Mortensen chuckled. “Once a Nightborn, always Nightborn. You thought that pulling those out would make the nightmares go away? Make you human again?” He grinned, letting his fangs show. “It doesn’t work like that, Blaze.”
Damien was losing the war with his nerves. Old instincts were beginning to resurface. Desires he thought he had rid off. The night hides so many unseen fears and mysteries…
“Yes,” smiled Mortensen. His eyes were shining and he spread his arms. “Come back, brother. Plans have been set in motion. I need someone I can trust by my side.” He took a step forward. “Just like in the old days, Blaze.”
Damien gripped the gun with both hands. No. Not this time. He was a changed man. A better man.
“I told you not to make a single step.”
“Oh?” Mortensen seemed disappointed. He paused. “But I’ve made it. What will you do now?”
“What I should have five years ago.”
He pulled the trigger. Once, twice, he emptied the chamber, screaming. Gunshots echoed down the narrow hall and all bullets found purchase. Mortensen took the first few shots to the chest, apparently not expecting Damien to shoot. The Nightborn nearly fell over. But then his wickedness returned and he turned around, running down the hall on all fours, trailing bright red blood behind. Damien kept pulling the trigger even after all the bullets flew and Mortensen paused before the window at the end of the hall. He was leaking blood everywhere, a gun hole through his cheek, but still standing. And smiling.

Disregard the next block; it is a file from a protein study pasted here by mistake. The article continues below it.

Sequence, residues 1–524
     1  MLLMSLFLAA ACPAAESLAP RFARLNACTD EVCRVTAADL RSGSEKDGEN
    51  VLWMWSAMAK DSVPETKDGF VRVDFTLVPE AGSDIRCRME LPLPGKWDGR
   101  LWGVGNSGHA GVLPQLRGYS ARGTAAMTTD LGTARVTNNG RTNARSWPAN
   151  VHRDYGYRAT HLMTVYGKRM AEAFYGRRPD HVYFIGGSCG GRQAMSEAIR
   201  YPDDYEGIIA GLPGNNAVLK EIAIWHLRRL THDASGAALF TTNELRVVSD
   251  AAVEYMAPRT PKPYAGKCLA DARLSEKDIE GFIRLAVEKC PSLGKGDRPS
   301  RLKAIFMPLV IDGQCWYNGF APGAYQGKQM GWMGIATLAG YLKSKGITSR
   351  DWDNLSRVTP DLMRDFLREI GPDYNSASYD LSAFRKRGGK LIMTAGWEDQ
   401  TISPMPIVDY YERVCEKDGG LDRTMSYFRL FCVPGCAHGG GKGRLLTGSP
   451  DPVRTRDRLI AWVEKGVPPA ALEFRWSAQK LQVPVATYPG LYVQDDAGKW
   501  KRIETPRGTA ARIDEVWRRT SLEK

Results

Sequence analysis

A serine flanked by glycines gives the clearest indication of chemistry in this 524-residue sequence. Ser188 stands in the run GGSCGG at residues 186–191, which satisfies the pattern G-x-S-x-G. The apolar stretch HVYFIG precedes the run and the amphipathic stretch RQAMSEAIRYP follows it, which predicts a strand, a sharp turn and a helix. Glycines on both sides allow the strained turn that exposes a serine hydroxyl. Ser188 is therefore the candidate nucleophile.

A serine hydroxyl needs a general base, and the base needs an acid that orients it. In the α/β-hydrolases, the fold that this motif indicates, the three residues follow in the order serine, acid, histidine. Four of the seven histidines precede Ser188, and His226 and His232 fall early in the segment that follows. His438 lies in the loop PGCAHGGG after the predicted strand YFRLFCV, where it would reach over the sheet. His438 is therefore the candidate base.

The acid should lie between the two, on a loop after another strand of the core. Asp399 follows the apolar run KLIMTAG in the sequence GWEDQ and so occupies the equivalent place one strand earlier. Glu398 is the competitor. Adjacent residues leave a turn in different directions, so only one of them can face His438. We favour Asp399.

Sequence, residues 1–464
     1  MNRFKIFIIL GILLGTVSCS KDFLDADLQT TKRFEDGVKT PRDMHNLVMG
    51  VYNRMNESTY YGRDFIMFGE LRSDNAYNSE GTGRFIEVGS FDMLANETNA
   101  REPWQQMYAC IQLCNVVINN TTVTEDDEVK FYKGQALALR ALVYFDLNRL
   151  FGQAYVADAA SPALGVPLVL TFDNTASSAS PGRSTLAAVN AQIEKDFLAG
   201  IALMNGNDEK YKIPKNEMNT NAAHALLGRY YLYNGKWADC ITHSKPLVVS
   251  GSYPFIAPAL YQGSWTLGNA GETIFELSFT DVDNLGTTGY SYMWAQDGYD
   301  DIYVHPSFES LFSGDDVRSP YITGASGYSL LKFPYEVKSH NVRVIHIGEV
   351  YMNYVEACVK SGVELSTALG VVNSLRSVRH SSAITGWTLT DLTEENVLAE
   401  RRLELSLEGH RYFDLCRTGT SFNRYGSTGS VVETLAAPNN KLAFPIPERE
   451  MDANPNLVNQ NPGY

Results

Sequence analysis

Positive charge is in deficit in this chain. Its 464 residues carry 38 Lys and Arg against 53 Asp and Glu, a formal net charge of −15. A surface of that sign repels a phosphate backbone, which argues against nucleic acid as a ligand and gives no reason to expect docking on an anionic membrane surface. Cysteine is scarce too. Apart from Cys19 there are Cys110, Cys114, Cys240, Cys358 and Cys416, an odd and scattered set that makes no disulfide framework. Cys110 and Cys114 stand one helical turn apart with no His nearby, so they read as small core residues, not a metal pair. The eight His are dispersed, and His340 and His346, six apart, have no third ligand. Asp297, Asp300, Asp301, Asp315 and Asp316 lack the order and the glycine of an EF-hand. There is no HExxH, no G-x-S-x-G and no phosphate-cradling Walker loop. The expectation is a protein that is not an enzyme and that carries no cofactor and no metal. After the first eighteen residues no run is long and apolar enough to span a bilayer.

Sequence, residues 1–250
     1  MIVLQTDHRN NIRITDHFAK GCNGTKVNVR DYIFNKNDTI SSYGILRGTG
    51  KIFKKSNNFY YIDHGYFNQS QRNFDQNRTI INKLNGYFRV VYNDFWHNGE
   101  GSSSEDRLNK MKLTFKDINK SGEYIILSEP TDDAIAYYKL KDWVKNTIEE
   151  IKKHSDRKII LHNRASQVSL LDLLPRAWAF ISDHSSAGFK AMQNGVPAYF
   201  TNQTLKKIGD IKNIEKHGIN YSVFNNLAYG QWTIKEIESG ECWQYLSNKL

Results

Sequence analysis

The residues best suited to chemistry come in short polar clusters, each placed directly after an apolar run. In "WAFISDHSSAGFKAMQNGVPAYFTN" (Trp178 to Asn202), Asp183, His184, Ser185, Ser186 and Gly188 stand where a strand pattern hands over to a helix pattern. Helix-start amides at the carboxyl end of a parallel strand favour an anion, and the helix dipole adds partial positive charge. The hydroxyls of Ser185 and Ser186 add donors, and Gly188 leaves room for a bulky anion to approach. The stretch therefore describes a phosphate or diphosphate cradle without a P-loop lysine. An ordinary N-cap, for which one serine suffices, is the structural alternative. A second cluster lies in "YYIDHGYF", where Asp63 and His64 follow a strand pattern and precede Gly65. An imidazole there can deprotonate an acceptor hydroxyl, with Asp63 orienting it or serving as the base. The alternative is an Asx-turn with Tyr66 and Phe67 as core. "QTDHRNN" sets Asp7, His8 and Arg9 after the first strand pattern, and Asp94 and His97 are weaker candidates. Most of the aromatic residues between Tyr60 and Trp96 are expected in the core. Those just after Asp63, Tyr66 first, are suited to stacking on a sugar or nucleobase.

“You do shoot straight,” he said awkwardly, blood squirting out the hole in his cheek. “Boy, this is gonna hurt tomorrow. Seems like you forgot one important detail, though.”
Damien heaved in deep breaths. Silver bullets. He had them in his drawer. He cursed at himself for not taking precautions, but how could he know?
“See you around, detective,” Mortensen said. Then he threw himself through the window, breaking the glass and falling into the night. There was no sound of his body hitting the ground.
My nightmares have caught up with me.
Damien stood there, full of adrenaline as he heard running footsteps. Mind racing with all that’s happened, he found enough wit to recollect the two fangs on the floor, before the night officer turned a corner.